The Ham/Nye debate in 40 seconds

Didn’t get to watch last night’s two-and-half-hour debate between Ken Ham and Bill Nye? Don’t worry. Watch this and you’ve pretty much seen it all:

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  • http://www.wideopenground.com/ Lana

    His version of Christianity he means.

  • ChrisFinegan

    The thing that truly baffled me was Ham’s assertion that the existence of natural laws proved the existence of God but as soon as anyone attempts to apply those laws to history he claims that they are essentially null and void. He can’t have his cake and eat it!

    • http://patheos.com/blogs/unfundamentalistchristians/ Dan Wilkinson

      Where you there?

      • http://shadsie.deviantart.com/ Shadsie

        “When the universe was forged in the crucible of the Big Bang, our race was already 16 years old.” __ History of the Nibblonians, Futurama.

    • Shinjitsu

      Because man’s understanding of natural laws is, at best, minimal. There’s a reason why certain natural laws appear to break down at the quantum level.

      What’s more, our planet today is not the exact same one it was millions and millions of years ago so being dogmatic about how the world actually was then based solely on how the world is today is specious, even irrational.

      • ChrisFinegan

        Yes, our planet has changed.it’s changed in ways that can only be explained by millions, not thousands, of years of existence. I argue that stating the way the world was made based on only one source, whether literature, scientific or anything else, is both dogmatic and irrational.

      • Sven2547

        It’s not an article of faith or dogma to recognize that light moves at a constant speed*, or that Potassium-40 decays with a half-life of 1.248 billion years. What’s irrational is the assumption that these immutable natural laws changed wildly over the last few thousand years, with no evidence supporting that whatsoever.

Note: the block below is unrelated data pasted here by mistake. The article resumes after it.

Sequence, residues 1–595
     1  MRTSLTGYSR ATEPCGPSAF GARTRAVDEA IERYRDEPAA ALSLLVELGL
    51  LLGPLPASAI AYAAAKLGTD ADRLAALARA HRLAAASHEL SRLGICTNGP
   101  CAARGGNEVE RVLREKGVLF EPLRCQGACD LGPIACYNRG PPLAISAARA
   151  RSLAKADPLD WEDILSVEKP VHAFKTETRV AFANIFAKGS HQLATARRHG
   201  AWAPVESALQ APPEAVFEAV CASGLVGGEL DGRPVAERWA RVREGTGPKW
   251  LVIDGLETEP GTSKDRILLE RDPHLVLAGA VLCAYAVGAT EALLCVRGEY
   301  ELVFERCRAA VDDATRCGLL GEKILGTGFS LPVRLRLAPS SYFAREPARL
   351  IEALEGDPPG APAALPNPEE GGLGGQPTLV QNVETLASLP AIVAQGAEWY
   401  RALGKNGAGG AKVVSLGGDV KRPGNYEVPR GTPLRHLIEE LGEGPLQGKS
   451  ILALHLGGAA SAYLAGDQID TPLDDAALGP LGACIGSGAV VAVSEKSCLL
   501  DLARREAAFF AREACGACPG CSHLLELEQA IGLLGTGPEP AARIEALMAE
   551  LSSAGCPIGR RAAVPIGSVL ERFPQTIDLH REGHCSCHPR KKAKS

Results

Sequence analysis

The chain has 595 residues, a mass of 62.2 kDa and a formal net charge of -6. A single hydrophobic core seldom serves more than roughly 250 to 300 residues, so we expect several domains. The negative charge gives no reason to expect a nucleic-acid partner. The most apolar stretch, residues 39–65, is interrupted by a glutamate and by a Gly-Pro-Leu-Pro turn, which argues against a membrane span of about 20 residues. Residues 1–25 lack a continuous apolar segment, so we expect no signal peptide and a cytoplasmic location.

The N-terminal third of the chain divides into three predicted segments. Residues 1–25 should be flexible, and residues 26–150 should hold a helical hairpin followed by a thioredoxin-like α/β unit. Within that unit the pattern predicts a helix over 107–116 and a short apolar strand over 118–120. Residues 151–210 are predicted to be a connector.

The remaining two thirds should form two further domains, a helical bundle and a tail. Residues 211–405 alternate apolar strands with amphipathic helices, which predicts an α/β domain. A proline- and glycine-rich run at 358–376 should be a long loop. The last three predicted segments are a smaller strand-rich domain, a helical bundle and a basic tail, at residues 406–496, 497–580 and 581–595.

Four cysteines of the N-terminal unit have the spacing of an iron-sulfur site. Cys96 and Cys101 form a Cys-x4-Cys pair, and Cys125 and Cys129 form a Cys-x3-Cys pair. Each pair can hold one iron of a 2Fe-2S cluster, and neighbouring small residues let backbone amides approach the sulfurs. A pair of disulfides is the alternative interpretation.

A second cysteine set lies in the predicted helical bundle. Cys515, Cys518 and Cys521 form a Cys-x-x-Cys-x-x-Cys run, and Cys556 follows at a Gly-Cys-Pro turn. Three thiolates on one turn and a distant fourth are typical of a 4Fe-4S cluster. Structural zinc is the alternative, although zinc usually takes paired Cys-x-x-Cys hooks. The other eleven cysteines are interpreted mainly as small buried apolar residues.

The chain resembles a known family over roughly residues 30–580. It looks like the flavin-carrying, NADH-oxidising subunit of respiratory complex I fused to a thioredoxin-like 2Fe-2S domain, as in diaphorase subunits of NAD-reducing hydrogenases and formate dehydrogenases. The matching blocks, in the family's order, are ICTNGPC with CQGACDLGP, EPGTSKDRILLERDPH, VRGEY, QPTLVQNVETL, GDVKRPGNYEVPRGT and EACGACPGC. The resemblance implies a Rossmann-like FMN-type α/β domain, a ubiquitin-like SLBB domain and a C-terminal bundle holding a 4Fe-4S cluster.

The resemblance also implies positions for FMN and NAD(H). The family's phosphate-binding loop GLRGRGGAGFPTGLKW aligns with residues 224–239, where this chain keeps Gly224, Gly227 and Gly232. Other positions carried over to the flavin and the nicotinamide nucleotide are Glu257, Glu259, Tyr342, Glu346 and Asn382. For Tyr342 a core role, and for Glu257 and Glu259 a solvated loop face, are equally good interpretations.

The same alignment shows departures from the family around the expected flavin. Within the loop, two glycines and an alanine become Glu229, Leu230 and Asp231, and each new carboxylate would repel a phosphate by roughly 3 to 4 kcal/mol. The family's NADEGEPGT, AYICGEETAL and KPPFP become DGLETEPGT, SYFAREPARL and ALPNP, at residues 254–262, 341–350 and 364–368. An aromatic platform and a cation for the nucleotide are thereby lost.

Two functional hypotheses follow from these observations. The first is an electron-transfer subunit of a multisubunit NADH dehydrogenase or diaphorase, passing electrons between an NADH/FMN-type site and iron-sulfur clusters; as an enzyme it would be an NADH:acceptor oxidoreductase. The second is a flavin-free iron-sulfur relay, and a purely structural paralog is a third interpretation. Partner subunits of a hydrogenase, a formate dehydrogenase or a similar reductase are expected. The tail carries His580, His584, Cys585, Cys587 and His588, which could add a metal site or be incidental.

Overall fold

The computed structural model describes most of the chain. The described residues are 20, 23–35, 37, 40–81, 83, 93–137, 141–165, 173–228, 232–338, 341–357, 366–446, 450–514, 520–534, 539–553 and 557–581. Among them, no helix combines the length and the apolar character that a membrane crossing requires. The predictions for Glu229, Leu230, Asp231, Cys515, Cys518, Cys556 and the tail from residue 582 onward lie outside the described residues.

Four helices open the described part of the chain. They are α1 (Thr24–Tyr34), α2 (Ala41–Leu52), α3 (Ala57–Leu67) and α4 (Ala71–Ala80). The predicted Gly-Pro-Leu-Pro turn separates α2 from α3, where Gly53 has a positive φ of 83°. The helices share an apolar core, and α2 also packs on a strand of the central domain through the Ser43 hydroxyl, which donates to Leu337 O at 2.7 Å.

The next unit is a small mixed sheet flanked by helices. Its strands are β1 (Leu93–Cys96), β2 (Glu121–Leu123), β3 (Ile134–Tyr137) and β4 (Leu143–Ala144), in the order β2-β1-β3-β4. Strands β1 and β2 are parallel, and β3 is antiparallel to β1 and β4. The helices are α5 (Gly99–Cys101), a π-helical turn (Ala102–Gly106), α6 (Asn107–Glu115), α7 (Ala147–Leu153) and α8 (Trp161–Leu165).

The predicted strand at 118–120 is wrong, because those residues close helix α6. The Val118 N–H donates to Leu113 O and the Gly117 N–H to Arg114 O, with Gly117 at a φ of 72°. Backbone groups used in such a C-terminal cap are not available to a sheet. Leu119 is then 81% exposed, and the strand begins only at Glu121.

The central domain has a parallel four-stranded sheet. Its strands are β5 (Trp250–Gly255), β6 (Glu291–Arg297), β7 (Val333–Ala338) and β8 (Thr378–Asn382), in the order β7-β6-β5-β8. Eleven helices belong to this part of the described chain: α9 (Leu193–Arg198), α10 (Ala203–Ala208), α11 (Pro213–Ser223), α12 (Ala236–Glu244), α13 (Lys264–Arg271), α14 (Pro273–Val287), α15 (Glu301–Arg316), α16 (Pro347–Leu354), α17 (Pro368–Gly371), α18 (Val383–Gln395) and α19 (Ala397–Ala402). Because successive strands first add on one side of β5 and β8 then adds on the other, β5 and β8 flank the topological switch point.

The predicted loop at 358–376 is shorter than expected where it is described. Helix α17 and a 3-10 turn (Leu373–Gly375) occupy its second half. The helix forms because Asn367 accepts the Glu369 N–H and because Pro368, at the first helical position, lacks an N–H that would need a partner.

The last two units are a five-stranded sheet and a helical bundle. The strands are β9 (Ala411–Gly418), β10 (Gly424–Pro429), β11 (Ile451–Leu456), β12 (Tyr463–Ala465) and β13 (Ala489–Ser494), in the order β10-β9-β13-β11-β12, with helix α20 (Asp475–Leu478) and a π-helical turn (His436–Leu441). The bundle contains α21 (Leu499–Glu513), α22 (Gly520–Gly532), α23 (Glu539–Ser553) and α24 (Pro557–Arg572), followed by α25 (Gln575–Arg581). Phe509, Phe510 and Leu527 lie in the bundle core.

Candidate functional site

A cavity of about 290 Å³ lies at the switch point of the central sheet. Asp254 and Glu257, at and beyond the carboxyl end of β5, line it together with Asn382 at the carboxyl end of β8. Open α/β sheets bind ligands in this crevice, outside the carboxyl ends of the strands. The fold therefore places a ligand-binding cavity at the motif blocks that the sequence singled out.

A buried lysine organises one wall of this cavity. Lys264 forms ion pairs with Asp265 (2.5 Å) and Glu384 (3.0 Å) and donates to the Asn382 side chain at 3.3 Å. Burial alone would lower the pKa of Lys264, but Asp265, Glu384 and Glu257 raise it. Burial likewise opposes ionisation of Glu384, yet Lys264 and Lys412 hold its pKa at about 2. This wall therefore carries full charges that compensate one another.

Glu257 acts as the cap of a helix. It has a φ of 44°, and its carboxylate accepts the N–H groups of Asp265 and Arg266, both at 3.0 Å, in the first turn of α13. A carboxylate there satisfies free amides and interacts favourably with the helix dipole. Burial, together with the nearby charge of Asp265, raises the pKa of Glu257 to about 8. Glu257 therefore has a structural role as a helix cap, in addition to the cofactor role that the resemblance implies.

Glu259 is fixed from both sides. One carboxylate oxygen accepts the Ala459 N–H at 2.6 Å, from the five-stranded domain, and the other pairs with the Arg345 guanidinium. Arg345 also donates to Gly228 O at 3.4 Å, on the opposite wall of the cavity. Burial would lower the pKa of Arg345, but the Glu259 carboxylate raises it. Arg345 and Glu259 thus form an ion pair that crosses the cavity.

* in a vacuum

        • Shinjitsu

          Then explain why the laws of gravity break down at the quantum level. While you’re at it, prove that each and every single one of the natural laws discovered on Earth are equally applicable in every single location in the universe.

          • Sven2547

            Then explain why the laws of gravity break down at the quantum level.

            Not sure. We’re trying to find that out. But you don’t even need quantum physics to establish a reliable age of the Earth.

            While you’re at it, prove that each and every single one of the natural laws discovered on Earth are equally applicable in every single location in the universe.

            Everywhere we’ve tested it, it’s the same. Every TIME we’ve tested it, it’s the same. Until something happens to the contrary, it’s a completely reasonable presumption that constants are, in fact, constant.

            On the other hand, there is NO evidence that just a few thousand years ago, tectonic plates moved a million times as fast, radioactive decay was incredibly fast, and there were 40 seasons in a year. You are making a fallacious argument from ignorance: by claiming that there are some things science doesn’t know (like some of the finer points of quantum mechanics), you are implying that it’s perfectly okay to inject your superstition in its place.

            The God-of-the-gaps is not only a poor substitute for science, it’s also bad theology.

  • http://allegro63.wordpress.com/ allegro63

    Mr. Ham’s core statement, that being a Christian means there is no need to change one’s mind on something, even if there is clear evidence to the contrary, is one of the tragic aspects found in Christianity.

    To have one’s mind utterly set, made up, no take backs, means that you can’t learn, you can’t discover, you can’t see things from other perspectives, you can’t understand why others view things, the concept of awe, surprise and wonder are impossible, as well as any thought of being in error. Even sadder, is that the person with that very made up mind, prefers it that way.

    • Shinjitsu

      “By all means let’s be open-minded, but not so open-minded that our brains drop out.” – Richard Dawkins

  • http://rolltodisbelieve.wordpress.com/ Captain Cassidy

    Best comment I’ve heard so far about it: “Ken Ham spent most of his time bolstering his argument from ignorance with an argument from authority.” (ETA: Real life comment, so no link 😉 )

    • adam

      Actually he spent the whole time raising MONEY…..

      Building Amusement Parks is expensive.